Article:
Collectivity is the key to sustainable accessibilityPublished on April 14, 2022
The Eindhoven Northwest Accessibility Deal is a collaboration between dozens of employers who see that a major mobility problem has arisen in that region. Due to the growth and expansion of companies, car traffic is also increasing. Entrepreneurs and companies share their knowledge in working groups and together map the different types of transport movements in the region. Together with the municipality of Eindhoven and Brainport Bereikbaar, they think about targeted solutions.
Expand under conditions
International School Eindhoven now has 1,100 students and wants to expand to 1,500. ISE has permission from the municipality of Eindhoven for this, provided it addresses accessibility and switches to alternative, sustainable transport. 'The students at ISE are mainly children of expats. They live throughout the region, which means that the majority of parents bring their children by car," says Ruud Jansen (Management and Services Manager, ISE). 'As a result, approximately 800 cars drive to and from campus every morning and afternoon. We have reached maximum capacity there and are gasping for air.'
When Ruud came into contact with a so-called mobility broker from the Brainport Bereikbaar programme, it became clear that ISE could not be missing from the Eindhoven Northwest Accessibility Deal. 'As a large and growing organization, we believe it is a must to tackle this accessibility problem collectively. Together you can find solutions more easily. Consider, for example, adjusting bus services. And we can make good use of each other's knowledge and experiences. Signatories of the deal include ASML, Eindhoven Airport and VNO-NCW Brabant Zeeland. The need for sustainable accessibility is great among these parties. We are growing so fast in this region that traffic is becoming congested. Solutions must be found!'
'The fact that not every parent drives separately to us and then to work already saves dozens of transport movements.'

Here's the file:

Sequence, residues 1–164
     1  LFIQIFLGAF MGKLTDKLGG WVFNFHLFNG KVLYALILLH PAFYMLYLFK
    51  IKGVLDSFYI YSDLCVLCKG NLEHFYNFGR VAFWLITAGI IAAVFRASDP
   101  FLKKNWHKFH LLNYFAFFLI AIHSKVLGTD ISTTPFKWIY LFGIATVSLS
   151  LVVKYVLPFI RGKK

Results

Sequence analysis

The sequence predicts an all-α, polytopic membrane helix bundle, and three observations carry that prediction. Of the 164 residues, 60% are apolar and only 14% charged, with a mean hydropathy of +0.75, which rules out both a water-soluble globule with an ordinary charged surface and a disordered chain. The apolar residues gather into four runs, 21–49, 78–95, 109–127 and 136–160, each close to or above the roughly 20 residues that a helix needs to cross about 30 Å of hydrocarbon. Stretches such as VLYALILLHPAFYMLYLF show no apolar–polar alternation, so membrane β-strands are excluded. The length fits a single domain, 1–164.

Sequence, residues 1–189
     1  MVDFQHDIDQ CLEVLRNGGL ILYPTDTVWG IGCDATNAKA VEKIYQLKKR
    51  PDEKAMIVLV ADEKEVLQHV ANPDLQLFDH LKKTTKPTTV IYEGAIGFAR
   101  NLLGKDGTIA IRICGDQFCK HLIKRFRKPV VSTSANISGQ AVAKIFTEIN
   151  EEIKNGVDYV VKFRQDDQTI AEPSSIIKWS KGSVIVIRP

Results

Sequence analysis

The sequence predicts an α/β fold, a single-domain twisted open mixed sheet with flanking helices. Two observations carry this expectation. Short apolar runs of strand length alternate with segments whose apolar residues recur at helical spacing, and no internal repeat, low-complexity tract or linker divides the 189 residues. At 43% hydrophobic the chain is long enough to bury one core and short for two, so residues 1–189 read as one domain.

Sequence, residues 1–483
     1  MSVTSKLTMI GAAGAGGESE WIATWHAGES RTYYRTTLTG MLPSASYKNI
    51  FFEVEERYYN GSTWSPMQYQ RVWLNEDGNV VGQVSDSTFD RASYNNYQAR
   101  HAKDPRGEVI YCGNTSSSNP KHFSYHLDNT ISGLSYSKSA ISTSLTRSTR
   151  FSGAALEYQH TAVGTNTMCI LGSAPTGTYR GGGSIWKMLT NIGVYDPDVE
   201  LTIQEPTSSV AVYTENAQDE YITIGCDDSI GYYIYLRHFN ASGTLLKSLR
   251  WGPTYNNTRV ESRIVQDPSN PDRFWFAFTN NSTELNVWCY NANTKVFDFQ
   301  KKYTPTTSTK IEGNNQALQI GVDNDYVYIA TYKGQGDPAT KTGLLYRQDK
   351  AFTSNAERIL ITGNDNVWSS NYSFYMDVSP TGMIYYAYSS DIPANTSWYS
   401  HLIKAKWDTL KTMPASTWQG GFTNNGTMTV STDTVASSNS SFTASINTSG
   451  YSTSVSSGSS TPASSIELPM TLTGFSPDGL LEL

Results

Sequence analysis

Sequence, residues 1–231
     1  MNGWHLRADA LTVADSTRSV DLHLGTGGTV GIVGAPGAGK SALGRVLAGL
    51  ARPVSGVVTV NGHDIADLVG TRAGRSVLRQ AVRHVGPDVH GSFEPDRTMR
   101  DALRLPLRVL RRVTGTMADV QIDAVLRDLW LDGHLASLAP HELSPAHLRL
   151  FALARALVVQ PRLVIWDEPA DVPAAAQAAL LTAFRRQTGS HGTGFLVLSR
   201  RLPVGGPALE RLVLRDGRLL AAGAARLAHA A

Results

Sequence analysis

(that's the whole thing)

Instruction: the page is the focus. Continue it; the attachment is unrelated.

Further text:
Collective and sustainable transport
ISE's ambition is to reduce the number of transport movements with 30%. 'That means 200 to 250 fewer transport movements during both the morning and evening rush hours.' To achieve this, Ruud is already outlining a few solutions that ISE is seriously considering. 'Many parents of our target group of students work for ASML. You can therefore choose to use collective transport between the ASML location and our school. The fact that not every parent drives separately to us and then to work already saves dozens of transport movements.'
A hub, just outside the 'green lung' (the green area where ISE is located), is also being explored. 'Parents can drop off their child there, and we will then drive them through the green area to the campus using electric transport (e.g. trains or buses). This way you pay extra attention to the green character of the environment, through sustainable and collective transport.'
Eco-school already quite sustainable
Jansen is confident that ISE can meet the major challenges. 'We are a so-called Eco-school. Sustainability is already a big item for our target group. Many of the cars parents take their children in are electric, but not all of them yet. So the will and awareness among the parents is there. If you add to this the collaboration with other parties in the accessibility deal, you can conclude that sustainable accessibility is feasible in this region!'
Five tips on the road to sustainable accessibility
- Have your employees gather at a hub, from where they travel collectively to the work location.
- Collectivity is the key to sustainability. Join a regional accessibility deal and be open to each other's ideas.
- Ask 'the young generation' for creative ideas. We involve our students and see that they come up with great solutions with an open mind, such as a cycling challenge with classmates.
- Create support among your target group through theme meetings on sustainable mobility. Make sure that your target group (in ISE's case: parents taking their children to school) knows what mobility challenge the region faces.
- Advice to all companies in the region: vary working hours where possible and let people alternate working from home.